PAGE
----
Notes From The Great Escape Festival

Things aren’t due to kick off for a couple of hours at the Pavilion Theatre where throughout this year’s Great Escape Festival Uncut is hosting a splendid line-up. So early Thursday evening I’m at the Dome, where Australian psyche rockers POND are making enough noise to wake the long-time dead.

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Things aren’t due to kick off for a couple of hours at the Pavilion Theatre where throughout this year’s Great Escape Festival Uncut is hosting a splendid line-up. So early Thursday evening I’m at the Dome, where Australian psyche rockers POND are making enough noise to wake the long-time dead.

The racket they’re making is variously reminiscent of Zeppelin and Hendrix, with hints of early Pink Floyd and lashings towards the end of their brief set of the MC5, their two guitarists on their knees in front of their amplifiers like Wayne Kramer and Fred ‘Sonic’ Smith, the Dome now drenched in howling feedback, charismatic singer Nick Allbrook a bizarre mix of Simon Amstell and Iggy Pop. It’s a terrific start to three days of mostly great music.

Back at the Pavilion Theatre, meanwhile, tonight’s bill has attracted quite a crowd, the place packed when I get there and a long queue outside, which is pretty much the story on Friday and Saturday as well. Admirably hairy Canadians THE SHEEPDOGS are first on. The hirsute five-piece is clearly in thrall to early-70s Southern rock – not so much the Muscle Shoals sound of Alabama Shakes as The Allman Brothers, post-Duane, when Dickie Betts was ascendant and his trilling guitar lines were their musical signature.

They go down an absolute storm, as does WILLY MASON, looking extremely dapper in a black suit and neatly-trimmed hair. TOY have been much-written about recently, due to two excellent singles, “Left Myself Behind” and “Motoring”, highlights of their set, which put them in a place where The Velvet Underground of “What Goes On” meet a particularly mesmerising revisiting of vintage krautrock.

When it works, this is exciting stuff – relentless guitar riffs underpinned by pounding motorik beats. When the band sounds slightly more lumpy than sleek, however, you may end up thinking this isn’t so much the much-vaunted Velvets-Kraftwerk interface you’ve read about than Gay Dad-meets-Status Quo.

Last up tonight are DJANGO DJANGO, who are in the process of bringing down the house when with a very loud band their sampler blows up, bringing things to a temporary halt. They recover quickly enough, though, and the crowd by the end of their set is in euphoric mood.

Friday morning, I wander over to somewhere called The Warren where new Sub Pop signings HUSKY are playing an early show to a crowd who seem initially rather bleary but are soon stirred to life by an excellent selection of songs from the Australian band’s new album, Forever So, stand-out among them “Fake Moustache” and “History’s Door”. Comparisons with Fleet Foxes are a little exaggerated, but probably a useful reference point.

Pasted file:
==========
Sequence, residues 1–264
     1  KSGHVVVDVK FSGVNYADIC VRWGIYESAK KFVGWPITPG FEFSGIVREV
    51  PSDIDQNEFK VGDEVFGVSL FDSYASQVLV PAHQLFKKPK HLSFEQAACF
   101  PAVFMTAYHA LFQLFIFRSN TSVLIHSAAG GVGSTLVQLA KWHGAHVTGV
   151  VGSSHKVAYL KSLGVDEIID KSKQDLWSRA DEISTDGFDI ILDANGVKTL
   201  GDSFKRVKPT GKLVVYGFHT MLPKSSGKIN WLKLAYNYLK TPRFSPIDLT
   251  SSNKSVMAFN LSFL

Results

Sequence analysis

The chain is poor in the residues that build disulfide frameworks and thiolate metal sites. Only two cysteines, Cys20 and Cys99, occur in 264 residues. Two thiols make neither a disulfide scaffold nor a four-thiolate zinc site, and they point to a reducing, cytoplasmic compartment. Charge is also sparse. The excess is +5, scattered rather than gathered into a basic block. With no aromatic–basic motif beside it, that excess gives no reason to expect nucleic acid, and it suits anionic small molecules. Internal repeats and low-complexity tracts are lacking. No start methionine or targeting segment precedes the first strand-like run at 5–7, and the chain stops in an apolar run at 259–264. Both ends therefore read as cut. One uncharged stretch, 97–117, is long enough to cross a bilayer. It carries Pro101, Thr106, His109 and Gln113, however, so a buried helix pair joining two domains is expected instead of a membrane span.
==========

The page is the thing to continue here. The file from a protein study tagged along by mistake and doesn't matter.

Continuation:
Saturday afternoon and at the Pavilion Theatre, Richard King is in conversation with Guardian music critic Alexis Petridis about his book How Soon Is Now, a colourful history of British indie music, which allows him to entertainingly recycle some amusing anecdotes. A few hours later, young Canadian band SLOW DOWN, MOLASSES blow more than a few minds with a brief but often spectacular set in a small room at the Prince Albert pub. There’s a more than passing musical resemblance to The War On Drugs in what they play, which several times also makes you think this is the kind of sound Toy might be after, achieved with half the grooming and a lot less hair flicking.

A quick cab ride and I’m back at the Pavilion for tonight’s Club Uncut opening act, the rather fabulous BLACK BELLES, a trio from Nashville signed to Jack White’s Third Man Records, whose garage punk voodoo blues twang makes them a lot of new friends. Tonight’s other acts are BLANCK MASS, whose 45 minute set occupies a somewhat unchanging musical landscape made up principally of lengthily sustained chords, something that may have sounded rather more daring 50 years ago when La Monte Young first essayed such experiments in drone and subliminal repetition. The crowd, or what’s left of them, at least, is a bit subdued by the end of it all, but perk up a little for closing act FOREST SWORDS.

Saturday provides nothing but highlights at the Pavilion, starting with a show-stopping performance by Uncut favourite HANS CHEW, whose brilliant shaggy dog song-stories are accompanied by only his own rollicking bar-room piano and electric guitar. Electronic duo SOLAR BEARS continue the evening’s upbeat mood, which BETH JEANS HOUGHTON & THE HOOVES OF DESTINY capitalise on with a wonderfully rousing set of largely joyous songs from debut album, Yours Truly, Cellophane Nose, including a stunning “Dodecahedron”, as featured on Uncut’s Watch That Man CD.

Erika M Anderson, better known as EMA [pictured above] makes a quite stunning opening, dressed in an orange anorak with the hood pulled up and covering her face, which makes her look eerily like Kenny from South Park. Her first number is a stark thing called “Fargo”, a recitation reminiscent of Ani De Franco’s setting of Travis Bickle’s “some day a rain will come and wash the blood from the streets” monologue from Taxi Driver. It’s powerful, eerie stuff, as is most of what follows, largely drawn from last year’s Past Life Martyred Saints, all of it pretty fantastic.

For more on The Great Escape, visit or see next month’s Uncut.

All the best for now and have a good week.


EMA pic: Richard Johnson


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